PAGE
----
CUNY’s Citizenship Now!, which offers free, high quality, and confidential immigration law services to New York City’s immigrant community, will provide free legal guidance to qualified applicants for President Obama’s deferred action program.
Say “primate” and most people wouldn’t think of a tree-dwelling, squirrel-like creature that weighs no more than a deck of playing cards, but a new study suggests that may perfectly describe humans’ earliest primate ancestors.
Chemists have designed a carbohydrate-based molecule that can surround and strangle bone cancer cells by self-assembling into a tangled web of nanofibers (J. Am. Chem.
Soc. 2014, DOI: 10.1021/ ja5111893). The molecule spares healthy cells because its assembly is triggered by an enzyme that’s overexpressed on cancer cells.
President Obama’s plan for free tuition at community colleges sends a powerful signal of the importance of access to a quality education and of these vital front-line higher education institutions to America’s future.
The City University of New York deeply mourns the passing of Governor Mario M. Cuomo, whose legendary oratorical skills gave voice to millions and were matched only by his passionate commitment to a lifetime of exemplary public service.
After the wind, rain and waves of Hurricane Sandy subsided, many of the modest homes in the Chelsea Heights section of Atlantic City, New Jersey, were filled to their windows with murky water. Residents returned to find roads inundated by the storm surge. Some maneuvered through the streets by boat. This mode of transport could become more common in neighborhoods like Chelsea Heights as coastal planners rethink how to cope with the increasing risk of hurricane-induced flooding over the coming decades. Rather than seeking to defend buildings and infrastructure from storm surges, a team of architects and climate scientists is exploring a new vision, with an emphasis on living with rising waters. “Every house will be a waterfront house,” said Princeton Associate Professor of Architecture Paul Lewis. “We’re trying to find a way that canals can work their way through and connect each house, so that kayaks and other small boats are able to navigate through the water.”
Three years ago, while on the way to class, New York City College of Technology senior Yevgeniy Babkin got off on the wrong floor and discovered the Mechatronics/Robotics Technology Center.
Here is a collection of new books written by CUNY authors:
In her new book, Shirley Chisholm: Catalyst for Change, Brooklyn College education professor Barbara Winslow traces Chisholm’s life from her upbringing in Barbados and Brooklyn to her historic election as the first black woman elected to Congress and ends with her iconic 1972 presidential campaign.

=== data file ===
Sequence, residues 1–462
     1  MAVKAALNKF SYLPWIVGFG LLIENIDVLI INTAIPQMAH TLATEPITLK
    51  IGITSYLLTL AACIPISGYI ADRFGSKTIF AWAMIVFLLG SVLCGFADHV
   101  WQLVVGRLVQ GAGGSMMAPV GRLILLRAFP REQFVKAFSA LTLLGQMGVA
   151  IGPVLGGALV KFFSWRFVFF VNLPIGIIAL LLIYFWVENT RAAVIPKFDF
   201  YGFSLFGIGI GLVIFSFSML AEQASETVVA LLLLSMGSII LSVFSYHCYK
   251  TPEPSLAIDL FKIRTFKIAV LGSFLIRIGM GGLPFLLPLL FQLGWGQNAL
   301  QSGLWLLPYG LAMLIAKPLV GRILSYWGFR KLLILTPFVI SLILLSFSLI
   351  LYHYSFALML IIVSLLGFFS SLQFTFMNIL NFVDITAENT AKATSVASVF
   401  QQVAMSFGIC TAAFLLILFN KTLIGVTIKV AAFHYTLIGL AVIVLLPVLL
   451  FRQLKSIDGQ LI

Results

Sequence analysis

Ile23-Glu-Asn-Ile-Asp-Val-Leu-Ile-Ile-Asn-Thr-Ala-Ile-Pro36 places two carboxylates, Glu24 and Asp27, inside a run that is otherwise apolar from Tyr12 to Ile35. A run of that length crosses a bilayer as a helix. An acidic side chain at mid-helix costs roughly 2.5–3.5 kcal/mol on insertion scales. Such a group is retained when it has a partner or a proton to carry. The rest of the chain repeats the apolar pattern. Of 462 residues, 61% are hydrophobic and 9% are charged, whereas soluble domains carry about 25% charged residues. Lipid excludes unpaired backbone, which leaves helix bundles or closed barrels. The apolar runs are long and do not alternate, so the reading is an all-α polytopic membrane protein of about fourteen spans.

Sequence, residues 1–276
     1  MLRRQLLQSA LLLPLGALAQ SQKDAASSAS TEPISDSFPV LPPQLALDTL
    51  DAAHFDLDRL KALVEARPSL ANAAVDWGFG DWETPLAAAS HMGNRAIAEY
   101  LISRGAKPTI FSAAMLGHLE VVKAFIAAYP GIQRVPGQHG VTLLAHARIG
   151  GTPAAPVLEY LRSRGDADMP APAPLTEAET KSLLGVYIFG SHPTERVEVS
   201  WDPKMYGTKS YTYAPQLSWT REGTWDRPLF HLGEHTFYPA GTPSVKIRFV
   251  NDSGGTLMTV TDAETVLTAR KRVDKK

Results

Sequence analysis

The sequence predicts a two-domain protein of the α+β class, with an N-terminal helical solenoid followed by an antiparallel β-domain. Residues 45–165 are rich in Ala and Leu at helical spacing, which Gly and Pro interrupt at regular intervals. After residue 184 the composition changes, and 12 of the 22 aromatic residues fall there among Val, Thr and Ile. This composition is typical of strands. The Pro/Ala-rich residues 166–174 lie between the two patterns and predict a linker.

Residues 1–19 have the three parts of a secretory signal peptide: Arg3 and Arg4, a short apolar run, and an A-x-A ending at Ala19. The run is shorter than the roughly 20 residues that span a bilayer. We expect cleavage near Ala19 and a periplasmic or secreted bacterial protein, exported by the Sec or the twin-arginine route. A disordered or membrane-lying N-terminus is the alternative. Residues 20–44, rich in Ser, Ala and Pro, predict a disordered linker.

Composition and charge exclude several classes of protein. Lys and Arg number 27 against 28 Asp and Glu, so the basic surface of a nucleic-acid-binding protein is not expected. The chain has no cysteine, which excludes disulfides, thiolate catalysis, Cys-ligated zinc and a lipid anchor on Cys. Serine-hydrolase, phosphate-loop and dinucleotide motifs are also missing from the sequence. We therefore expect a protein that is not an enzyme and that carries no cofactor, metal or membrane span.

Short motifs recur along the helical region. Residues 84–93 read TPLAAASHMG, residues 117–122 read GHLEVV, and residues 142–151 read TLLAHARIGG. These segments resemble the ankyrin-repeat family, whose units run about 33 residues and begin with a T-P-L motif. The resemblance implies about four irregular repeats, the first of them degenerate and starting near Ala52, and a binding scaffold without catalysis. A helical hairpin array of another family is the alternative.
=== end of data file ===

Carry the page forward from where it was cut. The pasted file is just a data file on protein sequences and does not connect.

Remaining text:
Walking the streets of New York with William Helmreich is a trip into the hidden soul of this chaotic and often misunderstood city. On a recent tour in East Harlem, he shared a history lesson on the Robert F. Wagner housing development. He unraveled mini mysteries painted into an immense mural. And his knock on a basement door unlocked a heartwarming secret.
For York College assistant nursing professor Margarett Alexandre, sometimes humanitarian aid can do more harm than good: To create lasting change, volunteer missions need to be about helping others help themselves.
Whenever he can, Stanley Greff starts his shift as a public safety officer at Kingsborough Community College by raising an American flag.
Newly arrived in the United States and working in a restaurant, Qiong Zhou wondered: “Is this job I will have all my life? Wash tablecloths and cleaning table, clean up cups and the plates?”
With the autumn sun blazing through Hunter College’s north studio, hip-hop choreographer Jennifer Weber leads a brash group of dance students in a master class that attempts to reinvent hip-hop.
One midsemester day at Queensborough Community College, Colleen Abbate arranged an array of black and white photographs on the blackboard ledge in the college’s photo studio. Then she stepped away and glanced back and forth between the images and her professor’s panning eyes.
Professor Sheldon Weinbaum, now 77, retired from City College in 2007. Or more accurately: “never really retired.” Hired in 1967, he is still very much a presence at City College and its Grove School of Engineering, advising graduate students, overseeing grants and participating in courses as a guest instructor.
As a living legend in American public secondary education, Rudy Crew developed a panoramic view of what works. He held leadership positions in six states, including New York. A national advocate for school reform initiatives, he began as a teacher in middle and high schools and was a principal as well.
When renowned Latin American author Gabriel García Márquez died in April, his passing sparked renewed interest in his rapturous novels filled with magic realism, especially the beloved Cien Años de Soledad, or One Hundred Years of Solitude.
MAURICE ASHLEY remembers it as if it were yesterday — or today: The move, bishop to e7, that made him an international grandmaster of chess, and the first black player in the world to achieve that most exalted status. “It was exactly 15 years ago — today’s my anniversary!” the onetime star of the City College chess team was saying one afternoon in his Brooklyn apartment. The coincidence triggered a checkmate smile and a burst of memories.